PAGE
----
Google has been pushing “content quality” for years
While some people are starting to freak out about Google’s announced “helpful content update”, we’ve been repeatedly warned about it over the past several years.
We all knew “it” was coming, and no one should be surprised.
Not only is it not new, but if you’ve really thought about how Google makes money, you’ve been focusing on creating content for people (adequately formatted for search engines of course but FOR people) and you should have no reason for concern.
Your people-focused content may even get a boost as other search engine-focused content gets “demoted”.
Google has been pushing E-A-T for years
E-A-T stands for Expertise, authority, and trust.
While millions of words on this topic have been published, does it really require explanation?
Give people answers.
If you’re not an expert in a topic, get answers from people who are before you publish.
Credit those experts.
Explain how they (or you) became an expert.
Tell the truth.
Is this update going to shake the SEO world? Like Penguin did in 2012?
But if it results in better search results, we would want that, right?
What makes content “people focused”?
The simple litmus test is, if search engines were not a thing, would the content still be relevant? Interesting? Useful? Worth publishing?
If the answer is anything other than an unequivocal yes, that content was, to some extent, written for search engines, not people.
To learn more, read this… it’s very good: Google’s helpful content update: What should we expect?
Is this update another form of penalty?
If what Google says is true, it will definitely penalize people who produce low-quality content.
So for those content producers, yes, it will be.
But for people who produce user-focused content, it should be exactly the opposite.
However, as it either hasn’t rolled out yet or is just starting to, it’s too early to know for sure.
But this update does not involve manual penalties, so from that perspective, the answer is no.
Does this update target pages, or sites?
According to an article published on Search Engine Land on 18 Aug 2022, the update targets SITES, not pages.
So if you’ve got crap content on any of your sites, now would be a good time to start purging it.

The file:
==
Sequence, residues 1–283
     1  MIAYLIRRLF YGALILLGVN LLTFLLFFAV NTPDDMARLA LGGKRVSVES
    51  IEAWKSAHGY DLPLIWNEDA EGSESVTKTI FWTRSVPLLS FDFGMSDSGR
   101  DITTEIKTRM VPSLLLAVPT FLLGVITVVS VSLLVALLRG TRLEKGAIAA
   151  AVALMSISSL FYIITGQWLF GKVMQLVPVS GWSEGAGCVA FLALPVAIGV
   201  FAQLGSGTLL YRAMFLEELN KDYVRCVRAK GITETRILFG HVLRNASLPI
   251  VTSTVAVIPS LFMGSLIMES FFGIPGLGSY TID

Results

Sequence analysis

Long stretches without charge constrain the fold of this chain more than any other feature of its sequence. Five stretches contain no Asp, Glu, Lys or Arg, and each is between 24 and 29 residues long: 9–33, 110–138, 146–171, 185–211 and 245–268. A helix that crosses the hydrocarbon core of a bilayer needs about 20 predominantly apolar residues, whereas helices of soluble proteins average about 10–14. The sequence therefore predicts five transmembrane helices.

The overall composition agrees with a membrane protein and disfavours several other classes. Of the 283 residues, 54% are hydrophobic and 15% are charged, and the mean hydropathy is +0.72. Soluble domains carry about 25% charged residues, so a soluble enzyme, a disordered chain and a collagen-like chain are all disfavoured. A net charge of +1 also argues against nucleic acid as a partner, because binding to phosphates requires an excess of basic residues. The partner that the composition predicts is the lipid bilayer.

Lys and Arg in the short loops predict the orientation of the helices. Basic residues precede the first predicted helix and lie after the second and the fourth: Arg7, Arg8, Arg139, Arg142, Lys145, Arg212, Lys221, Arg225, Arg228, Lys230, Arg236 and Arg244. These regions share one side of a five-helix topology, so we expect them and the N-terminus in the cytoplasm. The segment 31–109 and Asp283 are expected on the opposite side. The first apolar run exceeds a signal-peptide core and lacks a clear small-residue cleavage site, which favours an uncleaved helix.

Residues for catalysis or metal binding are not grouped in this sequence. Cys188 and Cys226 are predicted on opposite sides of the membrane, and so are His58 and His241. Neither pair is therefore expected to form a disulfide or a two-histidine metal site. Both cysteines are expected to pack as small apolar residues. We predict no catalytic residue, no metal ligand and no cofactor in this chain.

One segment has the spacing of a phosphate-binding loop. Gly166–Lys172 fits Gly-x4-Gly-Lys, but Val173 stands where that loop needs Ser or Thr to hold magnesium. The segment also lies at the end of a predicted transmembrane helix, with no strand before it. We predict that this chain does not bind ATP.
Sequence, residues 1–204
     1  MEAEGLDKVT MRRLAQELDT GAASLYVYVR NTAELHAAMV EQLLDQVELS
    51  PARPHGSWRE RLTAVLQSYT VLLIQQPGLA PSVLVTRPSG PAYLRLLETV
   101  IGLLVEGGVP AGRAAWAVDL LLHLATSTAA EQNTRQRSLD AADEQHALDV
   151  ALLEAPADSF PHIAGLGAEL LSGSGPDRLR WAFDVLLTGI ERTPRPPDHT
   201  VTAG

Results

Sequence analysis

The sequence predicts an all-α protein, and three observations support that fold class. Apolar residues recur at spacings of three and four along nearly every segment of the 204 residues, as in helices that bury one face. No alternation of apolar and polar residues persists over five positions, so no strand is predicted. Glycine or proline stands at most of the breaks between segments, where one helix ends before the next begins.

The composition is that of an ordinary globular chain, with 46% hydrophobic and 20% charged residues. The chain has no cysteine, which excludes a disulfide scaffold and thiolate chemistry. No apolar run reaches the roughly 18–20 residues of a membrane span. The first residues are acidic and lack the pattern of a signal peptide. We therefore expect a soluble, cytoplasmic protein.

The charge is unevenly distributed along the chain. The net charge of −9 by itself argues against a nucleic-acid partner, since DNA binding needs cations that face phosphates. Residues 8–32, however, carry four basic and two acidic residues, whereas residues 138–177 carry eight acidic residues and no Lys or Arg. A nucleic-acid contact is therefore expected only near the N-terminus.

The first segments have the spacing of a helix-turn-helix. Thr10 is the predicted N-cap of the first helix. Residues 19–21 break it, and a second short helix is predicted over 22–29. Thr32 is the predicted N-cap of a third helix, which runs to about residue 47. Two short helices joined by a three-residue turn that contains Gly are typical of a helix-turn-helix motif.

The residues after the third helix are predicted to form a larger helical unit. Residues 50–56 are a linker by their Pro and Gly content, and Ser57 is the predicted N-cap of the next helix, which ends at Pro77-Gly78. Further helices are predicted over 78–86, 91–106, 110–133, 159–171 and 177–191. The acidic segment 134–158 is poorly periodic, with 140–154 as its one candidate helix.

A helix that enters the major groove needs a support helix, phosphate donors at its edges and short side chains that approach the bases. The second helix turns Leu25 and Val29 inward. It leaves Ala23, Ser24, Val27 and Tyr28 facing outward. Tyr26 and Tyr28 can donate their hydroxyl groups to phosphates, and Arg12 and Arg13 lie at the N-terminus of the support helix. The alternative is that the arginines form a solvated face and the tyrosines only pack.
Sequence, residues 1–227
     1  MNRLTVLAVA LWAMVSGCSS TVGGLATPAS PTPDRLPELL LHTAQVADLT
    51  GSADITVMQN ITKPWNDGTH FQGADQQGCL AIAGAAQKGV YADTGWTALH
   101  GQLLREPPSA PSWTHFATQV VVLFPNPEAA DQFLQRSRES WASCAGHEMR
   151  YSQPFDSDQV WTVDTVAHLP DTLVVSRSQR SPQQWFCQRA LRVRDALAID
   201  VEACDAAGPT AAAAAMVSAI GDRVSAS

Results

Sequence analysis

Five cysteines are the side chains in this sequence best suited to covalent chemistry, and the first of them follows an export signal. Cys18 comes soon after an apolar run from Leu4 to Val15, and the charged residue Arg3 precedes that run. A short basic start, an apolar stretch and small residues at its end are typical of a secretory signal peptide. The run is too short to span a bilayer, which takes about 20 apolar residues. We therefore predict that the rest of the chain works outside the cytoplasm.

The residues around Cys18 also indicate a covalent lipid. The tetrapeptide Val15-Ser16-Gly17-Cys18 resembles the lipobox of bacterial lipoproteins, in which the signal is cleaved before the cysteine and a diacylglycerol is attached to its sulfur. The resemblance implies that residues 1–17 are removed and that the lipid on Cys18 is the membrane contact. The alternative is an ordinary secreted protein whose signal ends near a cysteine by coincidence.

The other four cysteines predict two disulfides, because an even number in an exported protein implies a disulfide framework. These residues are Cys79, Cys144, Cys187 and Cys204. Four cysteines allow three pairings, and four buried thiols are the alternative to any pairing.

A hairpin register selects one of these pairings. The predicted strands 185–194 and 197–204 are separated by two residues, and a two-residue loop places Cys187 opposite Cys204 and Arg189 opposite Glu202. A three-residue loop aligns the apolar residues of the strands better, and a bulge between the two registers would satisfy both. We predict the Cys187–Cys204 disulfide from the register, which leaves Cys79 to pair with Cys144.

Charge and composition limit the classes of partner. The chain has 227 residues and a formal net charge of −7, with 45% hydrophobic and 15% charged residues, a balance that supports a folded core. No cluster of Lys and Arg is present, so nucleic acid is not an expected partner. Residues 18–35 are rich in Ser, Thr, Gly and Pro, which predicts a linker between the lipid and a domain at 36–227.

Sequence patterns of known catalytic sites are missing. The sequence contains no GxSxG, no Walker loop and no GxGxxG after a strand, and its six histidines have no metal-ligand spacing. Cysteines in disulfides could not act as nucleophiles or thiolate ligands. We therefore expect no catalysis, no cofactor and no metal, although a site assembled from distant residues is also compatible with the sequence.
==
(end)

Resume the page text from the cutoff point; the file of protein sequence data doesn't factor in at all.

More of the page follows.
How will this affect non-text content? Like infographics? Or video?
I personally od not know, and when I searched for an answer to this question, I found nothing useful.
Only posts about why images, videos, etc, are important and should not be neglected.
Having said that, Google works with words.
Images don’t contain words per se, at least not in a format Google can parse, and while Google can parse words out of videos, they still do so very poorly, as anyone who has used the YouTube speech-to-text feature can confirm.
So, my “educated guess” is that you will still need to provide a transcript or description of any video, and a description of any image, in order for Google to have something to parse.
Below is an example of an infographic embedded into a short blog post where the main content is the image, and the text provides a clue to the search engine as to what the image is about.
What content strategy makes sense now?
Write for people.
But, format for people AND search engines.
While the search engine spiders are getting “smarter” over time, robots (software and hardware) only do what they’re programmed to do. No more and no less.
So while you write for people, you need to be aware that in order for a search engine to bring your content to the attention of people, it most definitely helps to format your content to make it easy for the search engines to “understand”.
This applies at the level of the site and the post and includes technical SEO and text formatting.
At the post level, things like a title, properly formatted as an H1, section headers, properly formatted as H2, H3, etc, and the use of bold text where appropriate, are helpful both for your readers AND for the search engine spiders.
In closing, write for people, but understand that technical SEO and text formatting matter, at both the level of the site and the level of the post.